“Chunking” errands or projects can be an effective way to get things off your To Do list, as Julie Morgenstern points out in her book Time Management from the Inside Out. This strategy really can work for some people, as a client reminded me last month. I had been helping this client move, and we had made piles for items to go to her storage unit, get donated, go to her office, and get dropped off at neighbors and friends homes. After a week or so the piles were still there, but she assured me they would get done—and they did, all in one day!

What’s your strategy for working on those nagging projects?

Organizing is a lot like Training for a Race

Last Spring I started running. I hadn't really run since I was in elementary school, so it was a huge feat for me to complete half a dozen 5K races over the past year.

Organizing is a lot like training for a running race (or any competition):

  • Just start. I was totally out of my comfort zone when I started running, but I signed up for a beginning runner's group. Taking that first step was the hardest but most important. It's the same with your organizing project. It may feel overwhelming, but take that first step: just start.
  • Start small. The new runner training program started by having us run for a minute, and then walk for a minute as a break. That's easy, right? Each week we moved up to running for 2 minutes, 3 minutes, and so on until we were at 10 minutes running with a 1 minute walk break. We started small and made incremental changes over time. This is the same for organizing: pick one spot to re-organize, or one routine to improve, and work on it consistently. Small changes will add up.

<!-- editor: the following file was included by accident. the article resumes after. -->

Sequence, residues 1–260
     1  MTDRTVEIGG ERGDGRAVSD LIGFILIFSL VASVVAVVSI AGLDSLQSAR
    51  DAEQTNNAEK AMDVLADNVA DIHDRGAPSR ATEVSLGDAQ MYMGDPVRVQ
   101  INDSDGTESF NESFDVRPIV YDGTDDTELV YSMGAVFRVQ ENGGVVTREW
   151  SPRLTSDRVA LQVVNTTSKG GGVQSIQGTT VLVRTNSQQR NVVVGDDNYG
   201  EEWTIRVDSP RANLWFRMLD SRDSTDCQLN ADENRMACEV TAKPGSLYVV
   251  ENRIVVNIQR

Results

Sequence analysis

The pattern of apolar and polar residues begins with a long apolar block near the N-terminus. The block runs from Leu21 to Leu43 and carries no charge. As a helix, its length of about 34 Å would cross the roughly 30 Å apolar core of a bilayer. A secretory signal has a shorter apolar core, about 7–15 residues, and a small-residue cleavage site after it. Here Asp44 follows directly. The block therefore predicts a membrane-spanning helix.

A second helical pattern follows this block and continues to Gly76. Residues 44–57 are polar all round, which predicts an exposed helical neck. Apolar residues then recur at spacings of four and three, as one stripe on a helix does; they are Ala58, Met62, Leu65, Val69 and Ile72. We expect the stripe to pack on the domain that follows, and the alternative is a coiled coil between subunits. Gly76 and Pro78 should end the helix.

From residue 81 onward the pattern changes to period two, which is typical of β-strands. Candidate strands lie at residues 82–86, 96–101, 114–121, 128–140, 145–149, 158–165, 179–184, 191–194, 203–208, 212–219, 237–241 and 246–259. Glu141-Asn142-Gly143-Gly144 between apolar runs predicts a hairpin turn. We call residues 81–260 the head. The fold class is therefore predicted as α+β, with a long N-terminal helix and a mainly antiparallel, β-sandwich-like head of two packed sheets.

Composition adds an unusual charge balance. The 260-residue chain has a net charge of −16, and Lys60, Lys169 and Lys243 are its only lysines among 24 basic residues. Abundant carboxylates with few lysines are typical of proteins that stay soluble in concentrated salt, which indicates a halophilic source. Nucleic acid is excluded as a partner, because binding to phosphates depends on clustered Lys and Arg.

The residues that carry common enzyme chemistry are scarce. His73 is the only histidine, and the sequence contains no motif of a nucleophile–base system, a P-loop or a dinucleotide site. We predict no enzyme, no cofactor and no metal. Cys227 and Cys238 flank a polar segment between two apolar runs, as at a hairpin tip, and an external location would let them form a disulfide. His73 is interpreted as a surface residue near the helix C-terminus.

• Schedule it, and make it routine. Run 3-4 times a week-ha! That seemed impossible at first but my trainer gave me a calendar with a suggested schedule. I tried really hard to follow the schedule, even when I'd rather be doing something else. After training regularly for a month, running several times a week with my gals became routine, and even something I looked forward to. You may not ever look forward to organizing, but scheduling time to work on your organizing project-just as you would any other important activity-can help keep you on track. Over time you'll start to build new habits. Picking up each night or putting your clean clothes away in the closet, for example, can become routine.
  • Clarify your goals. Right from the start my trainer wanted to know what my running goals were: I wanted to prove to myself that I could workout regularly and run a 5K. We picked a 5K to be my first race and worked towards it.  Think about what your goals are for your organizing project: do you want to create more space, want to have friends over for a dinner party, or get your kids to pick up their rooms? Keep your goals in mind when you get discouraged or feel overwhelmed with your project.